BAT attended a Soundside Alliance meeting. The Alliance mission is:
The Soundside Alliance partners work together to promote economic development through programs dedicated to increasing job opportunities and income for Southwest King County residents and stimulating quality business investment and real estate development in the Southwest King County area. The Soundside presents a collective approach to improving the area’s economy. By collaborating on economic development goals, this cooperative approach to economic development could serve as a model transferable to other policy areas.
It was interesting on many levels. There were movers and shakers of the South End, now the Soundside there. Many many suits. The conversations were about economic growth and economic development for five cities, Burien, SeaTac, Des Moines, Normandy Park, and Tukwila The meeting started at 7:30 am. For theater folk, that is the middle of the night.
What was most interesting was that BAT was the only arts organization with a representative present. Why was that?
This is a mistake arts groups often make, especially smaller arts groups. If you don’t show up to meetings about economic development, you can’t get a seat at the table. If you are not at the table, your voice is not heard.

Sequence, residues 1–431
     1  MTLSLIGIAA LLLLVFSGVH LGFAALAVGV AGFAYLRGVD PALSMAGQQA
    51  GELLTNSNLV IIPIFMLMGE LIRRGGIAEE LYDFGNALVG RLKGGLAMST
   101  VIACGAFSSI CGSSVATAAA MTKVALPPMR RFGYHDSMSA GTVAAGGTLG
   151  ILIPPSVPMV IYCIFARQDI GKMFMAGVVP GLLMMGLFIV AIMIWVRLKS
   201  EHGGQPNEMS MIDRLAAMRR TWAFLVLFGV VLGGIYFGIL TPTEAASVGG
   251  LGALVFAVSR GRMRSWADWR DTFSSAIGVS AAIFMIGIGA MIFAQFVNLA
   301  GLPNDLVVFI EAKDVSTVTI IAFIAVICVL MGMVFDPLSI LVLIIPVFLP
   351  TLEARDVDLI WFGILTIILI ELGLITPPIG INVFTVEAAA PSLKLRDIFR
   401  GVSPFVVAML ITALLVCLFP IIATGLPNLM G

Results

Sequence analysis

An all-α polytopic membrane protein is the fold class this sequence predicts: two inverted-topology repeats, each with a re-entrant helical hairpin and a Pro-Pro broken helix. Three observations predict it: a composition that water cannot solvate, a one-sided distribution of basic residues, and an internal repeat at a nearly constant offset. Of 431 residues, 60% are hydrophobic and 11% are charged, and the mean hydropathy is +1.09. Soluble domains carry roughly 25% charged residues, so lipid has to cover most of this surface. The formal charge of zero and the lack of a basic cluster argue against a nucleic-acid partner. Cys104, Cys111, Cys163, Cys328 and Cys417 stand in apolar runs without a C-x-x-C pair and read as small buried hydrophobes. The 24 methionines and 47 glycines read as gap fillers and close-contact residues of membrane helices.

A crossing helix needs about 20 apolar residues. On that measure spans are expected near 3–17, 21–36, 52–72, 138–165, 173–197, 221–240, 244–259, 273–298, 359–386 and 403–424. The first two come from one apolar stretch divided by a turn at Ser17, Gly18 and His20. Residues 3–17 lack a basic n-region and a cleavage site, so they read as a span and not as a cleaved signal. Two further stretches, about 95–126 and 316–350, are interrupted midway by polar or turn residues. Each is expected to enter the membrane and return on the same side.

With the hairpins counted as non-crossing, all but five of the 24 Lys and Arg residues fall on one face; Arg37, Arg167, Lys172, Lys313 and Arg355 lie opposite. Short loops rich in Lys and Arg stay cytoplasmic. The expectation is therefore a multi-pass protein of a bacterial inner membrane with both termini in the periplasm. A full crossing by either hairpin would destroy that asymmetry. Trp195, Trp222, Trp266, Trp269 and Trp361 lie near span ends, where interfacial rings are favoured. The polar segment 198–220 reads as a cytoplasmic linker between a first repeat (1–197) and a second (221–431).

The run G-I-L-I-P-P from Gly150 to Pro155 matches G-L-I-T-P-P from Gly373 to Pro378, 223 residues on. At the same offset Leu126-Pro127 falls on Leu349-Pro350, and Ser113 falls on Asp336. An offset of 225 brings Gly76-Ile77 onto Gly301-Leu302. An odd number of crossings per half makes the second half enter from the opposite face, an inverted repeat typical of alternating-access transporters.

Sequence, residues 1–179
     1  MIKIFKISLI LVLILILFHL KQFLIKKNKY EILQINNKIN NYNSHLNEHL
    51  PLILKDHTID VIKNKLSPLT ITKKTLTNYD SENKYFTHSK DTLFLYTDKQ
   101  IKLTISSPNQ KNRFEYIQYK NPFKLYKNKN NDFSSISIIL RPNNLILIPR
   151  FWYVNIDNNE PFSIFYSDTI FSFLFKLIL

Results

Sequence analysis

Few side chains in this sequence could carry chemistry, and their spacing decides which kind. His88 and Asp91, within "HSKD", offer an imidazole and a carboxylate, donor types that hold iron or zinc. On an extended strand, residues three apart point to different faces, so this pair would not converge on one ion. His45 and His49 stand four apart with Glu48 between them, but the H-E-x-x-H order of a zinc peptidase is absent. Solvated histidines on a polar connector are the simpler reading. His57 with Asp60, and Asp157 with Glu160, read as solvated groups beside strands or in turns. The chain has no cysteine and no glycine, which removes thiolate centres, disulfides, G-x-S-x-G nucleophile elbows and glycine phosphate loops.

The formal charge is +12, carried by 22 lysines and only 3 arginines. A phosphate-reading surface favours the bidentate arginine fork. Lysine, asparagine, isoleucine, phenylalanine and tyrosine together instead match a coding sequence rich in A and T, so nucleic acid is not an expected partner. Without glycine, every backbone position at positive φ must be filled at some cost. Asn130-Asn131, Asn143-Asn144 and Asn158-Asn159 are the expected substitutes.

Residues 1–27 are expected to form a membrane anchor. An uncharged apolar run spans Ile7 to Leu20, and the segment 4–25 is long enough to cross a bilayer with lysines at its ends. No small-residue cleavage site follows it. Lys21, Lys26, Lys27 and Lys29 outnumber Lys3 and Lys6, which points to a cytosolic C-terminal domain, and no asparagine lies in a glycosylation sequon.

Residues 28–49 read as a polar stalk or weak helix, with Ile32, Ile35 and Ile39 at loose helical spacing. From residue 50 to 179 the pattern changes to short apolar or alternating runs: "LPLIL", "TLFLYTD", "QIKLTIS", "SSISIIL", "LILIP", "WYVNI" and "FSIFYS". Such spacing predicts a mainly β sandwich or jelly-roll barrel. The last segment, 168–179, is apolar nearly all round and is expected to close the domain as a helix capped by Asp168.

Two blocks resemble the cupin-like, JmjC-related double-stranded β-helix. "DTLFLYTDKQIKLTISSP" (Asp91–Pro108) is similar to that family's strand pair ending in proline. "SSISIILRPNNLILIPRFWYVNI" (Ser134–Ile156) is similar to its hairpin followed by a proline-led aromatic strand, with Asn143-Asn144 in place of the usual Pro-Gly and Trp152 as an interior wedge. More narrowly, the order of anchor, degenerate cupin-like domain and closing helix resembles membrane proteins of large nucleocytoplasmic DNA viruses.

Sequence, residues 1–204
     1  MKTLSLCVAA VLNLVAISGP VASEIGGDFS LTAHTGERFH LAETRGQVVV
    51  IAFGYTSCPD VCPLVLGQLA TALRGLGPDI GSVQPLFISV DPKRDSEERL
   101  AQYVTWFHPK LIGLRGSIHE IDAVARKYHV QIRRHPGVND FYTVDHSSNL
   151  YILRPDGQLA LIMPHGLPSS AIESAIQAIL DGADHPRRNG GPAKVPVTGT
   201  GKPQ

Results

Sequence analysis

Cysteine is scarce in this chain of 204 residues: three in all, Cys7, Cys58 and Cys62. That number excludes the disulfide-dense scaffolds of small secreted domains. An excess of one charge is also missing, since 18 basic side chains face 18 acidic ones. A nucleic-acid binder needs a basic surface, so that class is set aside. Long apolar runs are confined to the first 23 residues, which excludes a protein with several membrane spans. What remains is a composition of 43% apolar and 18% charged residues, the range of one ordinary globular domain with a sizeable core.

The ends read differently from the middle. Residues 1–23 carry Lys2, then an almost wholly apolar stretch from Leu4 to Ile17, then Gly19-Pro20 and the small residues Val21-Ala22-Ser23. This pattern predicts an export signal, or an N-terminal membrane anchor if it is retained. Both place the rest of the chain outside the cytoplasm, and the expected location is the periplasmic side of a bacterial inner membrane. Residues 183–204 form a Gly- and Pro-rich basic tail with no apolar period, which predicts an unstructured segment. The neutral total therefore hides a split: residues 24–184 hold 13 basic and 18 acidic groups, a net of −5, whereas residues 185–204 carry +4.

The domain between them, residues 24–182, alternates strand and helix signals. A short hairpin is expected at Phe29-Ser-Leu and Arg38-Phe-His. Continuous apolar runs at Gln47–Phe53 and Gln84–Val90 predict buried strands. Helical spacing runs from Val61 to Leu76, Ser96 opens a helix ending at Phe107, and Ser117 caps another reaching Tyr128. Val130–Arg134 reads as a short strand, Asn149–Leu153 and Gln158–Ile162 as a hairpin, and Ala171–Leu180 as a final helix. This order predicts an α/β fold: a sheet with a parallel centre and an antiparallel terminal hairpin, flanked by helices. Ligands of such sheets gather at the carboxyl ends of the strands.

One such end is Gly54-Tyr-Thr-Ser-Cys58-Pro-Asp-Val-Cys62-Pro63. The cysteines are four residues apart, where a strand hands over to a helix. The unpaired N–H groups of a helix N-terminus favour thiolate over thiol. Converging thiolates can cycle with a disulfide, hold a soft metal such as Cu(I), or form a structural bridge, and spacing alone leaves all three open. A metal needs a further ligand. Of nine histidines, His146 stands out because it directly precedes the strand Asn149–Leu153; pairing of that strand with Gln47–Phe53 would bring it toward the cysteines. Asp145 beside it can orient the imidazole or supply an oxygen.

Not surprisingly, none of the people on stage spoke about the economic benefits of the arts. The business press was there and no one on the panel pointed out how important arts are to economic growth. The panels spoke of tourism, but no one pointed out arts tourists, by and large, spend the most per person of any tourist. If your city wants growth, it needs the arts. (Arts impact in Seattle.) But at this meeting of the Soundside Alliance it was all about stores, warehouses and housing as a way to drive the economy.
Not that long ago I was on the board of a fringe theater group in Seattle. To me it was about the art. But our managing director understood. He would go to, and often take me to business meetings. At first, I thought it was to court donors. But it was more than that. It was about education. Educating those who would make the decisions that art was more than a luxury, it was a way to drive economic growth; a way to make the city prosperous. Educating those who make the decisions that they would prosper, if they supported the arts.
If you are an arts organization and you turn a blind eye to economic development issues it is to assure that your organization will be performing in an empty basement or other substandard location for much longer than necessary, and that your city will lag behind those that invest in arts to reap its rewards.
If you work in the arts and want anyone to see what you do, you must get involved in the local and regional politics and show up at development meetings. If you are not at the party, you can’t sit at the table.